How we cost buildings is set to change if carbon becomes a commercial commodity. Sean Lockie explains that engineers will have to understand how a low carbon economy of the future may change a building’s design now.
The UK now has some world leading policy and regulations in the area of climate change and next year pressure on the industry will increase as the Carbon Reduction Commitment and the 25% improvement to energy performance in building regulations (Part L) both become law.
Planners are also demanding on site generation and improvements on Part L and the environmental assessment criteria group BREEAM’s standards are mandatory for government estate.
Then there are the various zero carbon trajectories − such as 2016 for domestic, 2019 for non-domestic and 2018 for the government estate. Government departments are now also talking about a low carbon economy. But what fiscal influences play a part in the transformation?
The first area is a price for externalities. An externality is an attempt to assess the impact from a human activity. Economists for some time have been trying to put a price on these impacts. For example, if a material is quarried an externality would include a price for making good the site after the minerals have been exploited. The same is now true for carbon.
The Department for Environment Food and Rural Affairs (Defra) recommends a shadow cost of carbon to take into account its global warming impact, and so it conducted the Stern Review, which was published in 2006. So what are the impacts of adding this externality, or tax, on to a building project? Faithful+Gould has attempted to model the various economic impacts.
Once the Carbon Reduction Commitment begins to mature in 2011, a new market in carbon trading will emerge that could see increases in the costs per tonne. It predicts that carbon will become more of a commodity in construction projects with developers buying carbon budgets for projects under polluter pays principles.
As buildings get closer towards zero carbon design the proportion of carbon that goes into making and assembling the construction components becomes more significant. Unfortunately, there are some real issues in this area. All the recent government papers have been silent on embodied carbon − the consultation on Part L, the zero carbon definition, the Low Carbon Industrial Strategy and low carbon economy documents.
The challenge for industry in calculating embodied carbon is the lack of a consistent methodology, assessment boundary, and robust factors for various components. Then, when overall embodied carbon is calculated, what benchmark is it compared to and how are emissions mitigated?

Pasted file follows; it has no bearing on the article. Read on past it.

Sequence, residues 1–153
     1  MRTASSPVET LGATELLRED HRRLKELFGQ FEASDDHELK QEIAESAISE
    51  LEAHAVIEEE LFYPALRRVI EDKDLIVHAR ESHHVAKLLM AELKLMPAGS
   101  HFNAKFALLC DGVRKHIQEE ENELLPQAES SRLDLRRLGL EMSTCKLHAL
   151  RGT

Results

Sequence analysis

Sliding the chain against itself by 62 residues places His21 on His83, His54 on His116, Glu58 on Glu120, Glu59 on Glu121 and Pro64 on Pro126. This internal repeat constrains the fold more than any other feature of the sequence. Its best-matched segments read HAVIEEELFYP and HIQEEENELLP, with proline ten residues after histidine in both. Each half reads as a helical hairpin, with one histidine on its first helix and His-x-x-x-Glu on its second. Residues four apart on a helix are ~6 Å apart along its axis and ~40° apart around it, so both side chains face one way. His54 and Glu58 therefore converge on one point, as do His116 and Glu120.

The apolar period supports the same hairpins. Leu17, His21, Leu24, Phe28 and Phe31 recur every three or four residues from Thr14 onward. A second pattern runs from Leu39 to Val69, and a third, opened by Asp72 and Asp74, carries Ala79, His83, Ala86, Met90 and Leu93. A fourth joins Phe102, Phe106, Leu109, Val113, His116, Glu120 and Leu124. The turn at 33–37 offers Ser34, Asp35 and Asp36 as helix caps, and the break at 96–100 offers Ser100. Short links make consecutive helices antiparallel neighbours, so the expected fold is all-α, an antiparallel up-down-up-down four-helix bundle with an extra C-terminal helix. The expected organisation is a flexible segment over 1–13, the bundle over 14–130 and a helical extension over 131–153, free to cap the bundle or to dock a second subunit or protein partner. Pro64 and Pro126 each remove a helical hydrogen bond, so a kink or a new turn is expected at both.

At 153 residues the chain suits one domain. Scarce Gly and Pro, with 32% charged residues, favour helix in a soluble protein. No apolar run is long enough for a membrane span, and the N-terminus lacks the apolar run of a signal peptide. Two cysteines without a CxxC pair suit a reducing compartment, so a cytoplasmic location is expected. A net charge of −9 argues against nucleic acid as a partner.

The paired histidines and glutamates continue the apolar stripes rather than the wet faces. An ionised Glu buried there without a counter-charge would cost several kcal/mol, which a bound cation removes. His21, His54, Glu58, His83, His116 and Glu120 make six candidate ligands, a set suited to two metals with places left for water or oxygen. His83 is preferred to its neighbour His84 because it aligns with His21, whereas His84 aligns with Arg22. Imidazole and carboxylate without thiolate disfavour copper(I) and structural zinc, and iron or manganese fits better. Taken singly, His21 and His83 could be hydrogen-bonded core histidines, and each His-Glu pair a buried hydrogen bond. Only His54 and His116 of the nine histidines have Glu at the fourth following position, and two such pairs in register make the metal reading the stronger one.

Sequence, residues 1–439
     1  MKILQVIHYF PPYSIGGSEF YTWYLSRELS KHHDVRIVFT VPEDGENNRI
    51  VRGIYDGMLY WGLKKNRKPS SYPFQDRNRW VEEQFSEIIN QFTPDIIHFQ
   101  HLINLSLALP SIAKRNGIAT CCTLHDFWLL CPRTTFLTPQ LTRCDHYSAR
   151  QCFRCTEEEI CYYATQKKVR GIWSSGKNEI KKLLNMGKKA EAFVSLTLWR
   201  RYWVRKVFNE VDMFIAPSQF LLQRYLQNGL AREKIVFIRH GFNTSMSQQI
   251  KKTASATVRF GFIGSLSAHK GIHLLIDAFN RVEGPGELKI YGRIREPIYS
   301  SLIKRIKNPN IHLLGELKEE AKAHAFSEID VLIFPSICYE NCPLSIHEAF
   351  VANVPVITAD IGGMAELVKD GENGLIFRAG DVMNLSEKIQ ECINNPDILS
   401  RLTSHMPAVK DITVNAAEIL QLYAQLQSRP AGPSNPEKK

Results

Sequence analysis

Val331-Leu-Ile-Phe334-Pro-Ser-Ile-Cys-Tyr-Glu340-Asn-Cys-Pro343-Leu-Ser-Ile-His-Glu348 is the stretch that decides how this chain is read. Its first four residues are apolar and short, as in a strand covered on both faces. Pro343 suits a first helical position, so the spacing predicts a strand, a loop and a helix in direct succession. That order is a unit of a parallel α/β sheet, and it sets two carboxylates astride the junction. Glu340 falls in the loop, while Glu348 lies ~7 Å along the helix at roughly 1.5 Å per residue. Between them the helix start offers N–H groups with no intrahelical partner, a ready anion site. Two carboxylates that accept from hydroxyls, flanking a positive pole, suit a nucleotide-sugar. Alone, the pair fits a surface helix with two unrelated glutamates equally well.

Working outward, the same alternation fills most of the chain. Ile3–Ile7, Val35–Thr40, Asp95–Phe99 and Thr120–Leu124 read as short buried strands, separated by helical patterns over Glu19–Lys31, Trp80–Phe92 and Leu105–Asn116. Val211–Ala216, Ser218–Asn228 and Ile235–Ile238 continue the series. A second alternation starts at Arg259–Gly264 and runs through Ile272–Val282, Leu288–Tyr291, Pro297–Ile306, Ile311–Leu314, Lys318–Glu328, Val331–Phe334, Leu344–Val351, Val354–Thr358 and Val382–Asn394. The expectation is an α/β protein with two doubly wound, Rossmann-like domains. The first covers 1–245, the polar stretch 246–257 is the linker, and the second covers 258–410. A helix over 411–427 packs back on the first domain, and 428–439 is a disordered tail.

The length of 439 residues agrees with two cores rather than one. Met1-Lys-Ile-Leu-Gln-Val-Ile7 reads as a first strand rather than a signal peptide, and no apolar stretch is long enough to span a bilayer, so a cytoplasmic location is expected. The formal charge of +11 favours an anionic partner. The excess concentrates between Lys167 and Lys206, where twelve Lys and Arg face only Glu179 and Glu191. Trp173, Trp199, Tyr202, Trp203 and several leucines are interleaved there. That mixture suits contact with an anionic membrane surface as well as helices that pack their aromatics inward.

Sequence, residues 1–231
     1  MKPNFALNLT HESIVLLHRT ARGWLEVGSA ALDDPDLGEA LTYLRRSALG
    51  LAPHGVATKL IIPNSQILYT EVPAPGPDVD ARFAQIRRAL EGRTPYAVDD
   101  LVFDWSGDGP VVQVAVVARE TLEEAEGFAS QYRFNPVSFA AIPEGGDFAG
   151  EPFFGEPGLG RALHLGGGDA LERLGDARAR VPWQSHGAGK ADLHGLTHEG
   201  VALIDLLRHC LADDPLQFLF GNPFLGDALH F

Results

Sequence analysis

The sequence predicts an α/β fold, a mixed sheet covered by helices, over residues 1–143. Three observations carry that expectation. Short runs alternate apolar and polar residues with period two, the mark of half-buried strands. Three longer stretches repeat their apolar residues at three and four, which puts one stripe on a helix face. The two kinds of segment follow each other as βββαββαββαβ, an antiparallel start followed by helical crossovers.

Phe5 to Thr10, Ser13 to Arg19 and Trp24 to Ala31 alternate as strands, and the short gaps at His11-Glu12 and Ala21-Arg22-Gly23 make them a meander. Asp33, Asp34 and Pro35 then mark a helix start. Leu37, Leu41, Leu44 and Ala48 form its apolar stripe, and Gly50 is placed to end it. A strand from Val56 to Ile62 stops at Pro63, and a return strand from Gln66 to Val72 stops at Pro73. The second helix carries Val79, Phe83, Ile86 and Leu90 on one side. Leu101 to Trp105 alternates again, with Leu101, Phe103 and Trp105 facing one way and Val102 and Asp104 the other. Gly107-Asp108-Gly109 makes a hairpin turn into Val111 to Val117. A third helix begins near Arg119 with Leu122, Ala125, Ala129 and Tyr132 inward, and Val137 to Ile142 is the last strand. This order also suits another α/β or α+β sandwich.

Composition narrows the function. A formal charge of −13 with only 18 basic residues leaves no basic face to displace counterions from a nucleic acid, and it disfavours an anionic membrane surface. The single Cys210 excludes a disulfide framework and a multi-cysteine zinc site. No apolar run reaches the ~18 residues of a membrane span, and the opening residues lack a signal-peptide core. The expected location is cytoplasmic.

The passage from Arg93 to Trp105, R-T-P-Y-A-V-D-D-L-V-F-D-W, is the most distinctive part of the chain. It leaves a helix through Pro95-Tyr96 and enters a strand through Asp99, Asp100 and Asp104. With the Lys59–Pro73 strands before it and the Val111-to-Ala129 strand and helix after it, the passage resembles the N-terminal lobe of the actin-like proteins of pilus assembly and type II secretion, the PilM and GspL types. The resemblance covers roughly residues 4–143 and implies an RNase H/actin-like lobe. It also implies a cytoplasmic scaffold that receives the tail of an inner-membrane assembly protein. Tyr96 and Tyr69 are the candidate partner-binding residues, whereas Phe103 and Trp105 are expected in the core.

Those that are offering to assess a building’s embodied carbon tend to use factors assembled by the University of Bath. Although a good start, these need a massive overhaul with UK specific data and analysis if they are to be relied upon.
If the industry is going to tackle embodied carbon it needs:
- More data from manufacturers
- Help on setting assessment boundaries
- Regulatory bodies to ask for it
- More reliable factors
- Carbon budgets (not just shadow)
- Rules of thumb
So where is the embedded carbon? Faithful+Gould and others have done some analysis in this area and conclude the emissions fall roughly in particular areas.
The analysis also found that 80% of carbon was in about 20% of the cost items. This has meant that in the short term designers know where to concentrate to get the biggest bang for buck. What about existing buildings? Roughly 50% of the UK’s greenhouse gas emissions come from existing buildings. Faithful+Gould and Atkins are developing a master list of solutions.
These are a very helpful way of sitting down with a client who wants to make emission reductions but does not know where to start − focus is likely to be in the easy low cost items first.
- Sean Lockie is sustainability director at project and cost management consultant Faithful+Gould
The evidence for increasing a property’s value by making sure it has an optimal energy performance is still being gathered at the moment and conclusions are hard to reach.
The Royal Institution of Chartered Surveyors, Communities and Local Government have been looking at the valuation process in energy lean domestic properties though and similar work is being done by the US Green Building Council.
It does strongly suggest that clients may already be commissioning engineers, architects and cost consultants to evaluate their carbon knowledge as at least a partial factor.
Longer term it could become a primary factor because of the cost implications of losing control of a carbon budget, so understanding the economics of the low carbon economy will become vital.